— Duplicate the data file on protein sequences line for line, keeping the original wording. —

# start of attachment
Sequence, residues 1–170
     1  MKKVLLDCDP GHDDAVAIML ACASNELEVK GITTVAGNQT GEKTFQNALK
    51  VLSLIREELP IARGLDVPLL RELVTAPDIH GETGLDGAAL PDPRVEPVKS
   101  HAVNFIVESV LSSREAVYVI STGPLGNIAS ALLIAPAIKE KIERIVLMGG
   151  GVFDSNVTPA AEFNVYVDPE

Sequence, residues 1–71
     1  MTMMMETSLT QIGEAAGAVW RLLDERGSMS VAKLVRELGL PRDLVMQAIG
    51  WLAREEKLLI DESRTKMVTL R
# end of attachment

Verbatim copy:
Sequence, residues 1–170
     1  MKKVLLDCDP GHDDAVAIML ACASNELEVK GITTVAGNQT GEKTFQNALK
    51  VLSLIREELP IARGLDVPLL RELVTAPDIH GETGLDGAAL PDPRVEPVKS
   101  HAVNFIVESV LSSREAVYVI STGPLGNIAS ALLIAPAIKE KIERIVLMGG
   151  GVFDSNVTPA AEFNVYVDPE

Sequence, residues 1–71
     1  MTMMMETSLT QIGEAAGAVW RLLDERGSMS VAKLVRELGL PRDLVMQAIG
    51  WLAREEKLLI DESRTKMVTL R